New Cell Phone Policy Creates an Atmosphere of Chaos


Madison Kadlec

Students are required to put their phone in the holder prior to class starting.

This year at BSM there is a new phone policy, having the students put their phones in a numbered holder. Although it gives a little more freedom with the cellphone, being able to use it in the hallway and lunch, there seems to be multiple reasons that there is chaos in the classroom.

Some teachers, such as French teacher Amy Jo Hyde, have assigned number spots for the students’ cell phones and she feels that it is important. “I do think it’s necessary because then you can see who has not put their phone in the pocket,” Hyde said.

Math teacher Abigail Ash has seen a decline in students putting their phones in the holder. Teachers think that because the underclassmen put their phones in the pockets that the upperclassmen also will. “Mostly in my older student classes…I assume that they’ll just put them in there, [otherwise] I don’t really catch them,” Ash said.

Teachers have seen some repeating patterns in excuses from students when they don’t have a phone in the holder. “I hear ‘I forgot it’ or ‘I left my phone in my locker’, which is not necessarily believable in the senior high for sure,” Hyde said.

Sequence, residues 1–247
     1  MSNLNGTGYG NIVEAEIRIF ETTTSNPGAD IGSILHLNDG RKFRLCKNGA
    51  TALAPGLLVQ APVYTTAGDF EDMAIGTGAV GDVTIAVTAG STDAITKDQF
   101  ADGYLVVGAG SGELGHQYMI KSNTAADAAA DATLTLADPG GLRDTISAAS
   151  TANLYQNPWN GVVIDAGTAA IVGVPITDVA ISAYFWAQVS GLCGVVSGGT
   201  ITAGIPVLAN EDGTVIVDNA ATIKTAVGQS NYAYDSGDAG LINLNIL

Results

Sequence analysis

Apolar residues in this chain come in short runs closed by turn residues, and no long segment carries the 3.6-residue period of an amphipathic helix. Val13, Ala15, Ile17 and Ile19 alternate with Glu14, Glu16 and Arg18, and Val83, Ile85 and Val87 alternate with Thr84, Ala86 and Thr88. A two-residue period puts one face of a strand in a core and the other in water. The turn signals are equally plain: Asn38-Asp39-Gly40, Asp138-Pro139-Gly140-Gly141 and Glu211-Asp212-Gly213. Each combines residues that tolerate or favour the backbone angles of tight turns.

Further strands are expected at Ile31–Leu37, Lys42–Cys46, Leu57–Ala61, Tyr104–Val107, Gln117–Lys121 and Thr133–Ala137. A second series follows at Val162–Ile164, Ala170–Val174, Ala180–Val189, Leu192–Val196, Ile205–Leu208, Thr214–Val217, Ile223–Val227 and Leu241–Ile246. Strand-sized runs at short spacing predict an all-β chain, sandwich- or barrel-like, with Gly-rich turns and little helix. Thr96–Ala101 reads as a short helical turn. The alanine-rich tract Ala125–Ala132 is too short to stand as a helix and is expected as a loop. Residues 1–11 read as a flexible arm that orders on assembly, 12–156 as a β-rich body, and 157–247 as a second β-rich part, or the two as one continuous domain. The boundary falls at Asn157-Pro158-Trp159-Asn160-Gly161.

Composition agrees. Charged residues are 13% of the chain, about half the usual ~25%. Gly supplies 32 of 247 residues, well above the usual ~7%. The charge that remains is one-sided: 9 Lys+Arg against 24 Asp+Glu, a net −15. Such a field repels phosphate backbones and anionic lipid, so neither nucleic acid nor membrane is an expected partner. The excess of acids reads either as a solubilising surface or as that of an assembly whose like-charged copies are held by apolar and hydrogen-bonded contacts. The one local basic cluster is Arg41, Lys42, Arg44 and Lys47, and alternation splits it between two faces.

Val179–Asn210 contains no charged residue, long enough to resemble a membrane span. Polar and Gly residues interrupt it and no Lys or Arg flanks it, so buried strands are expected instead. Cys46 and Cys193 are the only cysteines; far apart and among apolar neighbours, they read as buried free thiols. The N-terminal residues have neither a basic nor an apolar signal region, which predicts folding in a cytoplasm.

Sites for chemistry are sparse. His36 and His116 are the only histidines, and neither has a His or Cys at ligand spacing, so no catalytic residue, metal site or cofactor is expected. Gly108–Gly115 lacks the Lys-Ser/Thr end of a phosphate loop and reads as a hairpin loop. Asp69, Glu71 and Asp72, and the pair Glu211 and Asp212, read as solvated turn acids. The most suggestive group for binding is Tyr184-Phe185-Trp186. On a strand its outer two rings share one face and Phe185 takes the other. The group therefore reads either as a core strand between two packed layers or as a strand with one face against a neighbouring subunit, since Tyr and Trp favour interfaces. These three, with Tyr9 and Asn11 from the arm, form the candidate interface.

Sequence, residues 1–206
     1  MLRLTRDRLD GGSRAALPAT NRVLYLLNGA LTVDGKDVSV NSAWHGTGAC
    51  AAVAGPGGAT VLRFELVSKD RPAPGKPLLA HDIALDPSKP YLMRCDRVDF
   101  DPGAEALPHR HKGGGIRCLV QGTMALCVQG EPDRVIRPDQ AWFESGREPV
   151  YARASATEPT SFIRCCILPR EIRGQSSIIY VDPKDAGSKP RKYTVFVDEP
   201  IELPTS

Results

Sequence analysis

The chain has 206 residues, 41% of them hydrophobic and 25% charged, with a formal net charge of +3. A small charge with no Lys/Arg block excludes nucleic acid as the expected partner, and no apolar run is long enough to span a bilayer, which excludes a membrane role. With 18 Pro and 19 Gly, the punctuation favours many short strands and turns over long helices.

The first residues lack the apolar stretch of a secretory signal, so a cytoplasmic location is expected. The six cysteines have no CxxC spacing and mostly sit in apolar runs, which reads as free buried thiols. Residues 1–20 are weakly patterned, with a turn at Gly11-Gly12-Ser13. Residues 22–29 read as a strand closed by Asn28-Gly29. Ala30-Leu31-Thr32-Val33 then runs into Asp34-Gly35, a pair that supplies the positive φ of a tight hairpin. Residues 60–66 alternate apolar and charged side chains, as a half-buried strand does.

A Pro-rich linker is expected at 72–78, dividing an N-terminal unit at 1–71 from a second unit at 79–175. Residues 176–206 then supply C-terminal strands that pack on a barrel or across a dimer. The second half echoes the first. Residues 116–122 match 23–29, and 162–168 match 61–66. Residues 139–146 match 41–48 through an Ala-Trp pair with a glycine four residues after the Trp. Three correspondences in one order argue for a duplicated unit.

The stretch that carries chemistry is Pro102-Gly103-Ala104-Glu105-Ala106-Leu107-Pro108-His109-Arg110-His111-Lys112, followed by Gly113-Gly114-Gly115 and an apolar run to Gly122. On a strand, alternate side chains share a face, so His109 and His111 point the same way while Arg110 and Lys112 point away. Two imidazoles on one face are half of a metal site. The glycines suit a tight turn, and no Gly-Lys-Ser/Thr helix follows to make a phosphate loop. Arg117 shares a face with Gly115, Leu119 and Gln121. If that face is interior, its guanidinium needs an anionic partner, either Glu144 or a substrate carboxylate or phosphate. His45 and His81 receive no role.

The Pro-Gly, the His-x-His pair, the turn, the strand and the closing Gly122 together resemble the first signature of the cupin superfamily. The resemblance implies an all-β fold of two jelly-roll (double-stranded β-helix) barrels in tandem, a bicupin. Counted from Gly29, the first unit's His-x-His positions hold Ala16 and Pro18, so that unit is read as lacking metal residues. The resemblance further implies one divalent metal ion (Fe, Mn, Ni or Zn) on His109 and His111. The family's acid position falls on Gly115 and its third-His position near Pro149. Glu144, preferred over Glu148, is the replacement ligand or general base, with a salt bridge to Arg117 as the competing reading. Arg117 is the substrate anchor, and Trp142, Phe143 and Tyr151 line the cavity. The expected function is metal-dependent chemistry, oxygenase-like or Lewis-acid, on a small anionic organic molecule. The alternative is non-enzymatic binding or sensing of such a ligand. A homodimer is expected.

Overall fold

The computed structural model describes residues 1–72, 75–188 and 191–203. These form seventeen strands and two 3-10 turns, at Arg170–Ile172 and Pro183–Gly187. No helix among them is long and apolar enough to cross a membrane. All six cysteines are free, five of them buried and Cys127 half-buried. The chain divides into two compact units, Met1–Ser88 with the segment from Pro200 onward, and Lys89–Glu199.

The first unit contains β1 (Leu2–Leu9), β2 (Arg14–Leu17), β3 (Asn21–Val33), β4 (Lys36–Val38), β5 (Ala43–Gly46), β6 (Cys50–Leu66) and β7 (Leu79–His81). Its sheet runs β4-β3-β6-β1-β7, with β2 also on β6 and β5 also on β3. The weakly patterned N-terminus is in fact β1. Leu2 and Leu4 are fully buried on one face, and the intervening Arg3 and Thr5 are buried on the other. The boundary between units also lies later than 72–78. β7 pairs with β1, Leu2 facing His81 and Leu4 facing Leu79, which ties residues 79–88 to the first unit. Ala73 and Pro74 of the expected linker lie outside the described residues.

Students have noticed that if the spot is assigned that the holder tends to have more phones due to the fact that some teachers take attendance with the phone slots and they don’t want to be marked absent. Also it is easier to notice a phone missing if the assigned spot is empty. “Yeah, I feel like [those are] the only classes I really put my [phone in] is when there’s an assigned slot for my phone,” senior Abby Garvin said.

Some students feel that the whole thing is annoying and students should be able to keep their phones on them. “I think students should be able to handle their phones on their own and phone pockets should not exist,” sophomore Lucas Wurst said.

Sophomore Bridget Wickner believes that students actually put their phones in if it’s assigned due to the fact that the teachers know exactly whose phone is missing. “If a teacher looks at [the holder] they know that it’s that kid that did put their cell phone in but if it’s not assigned then they don’t know whose it is,” Wickner said.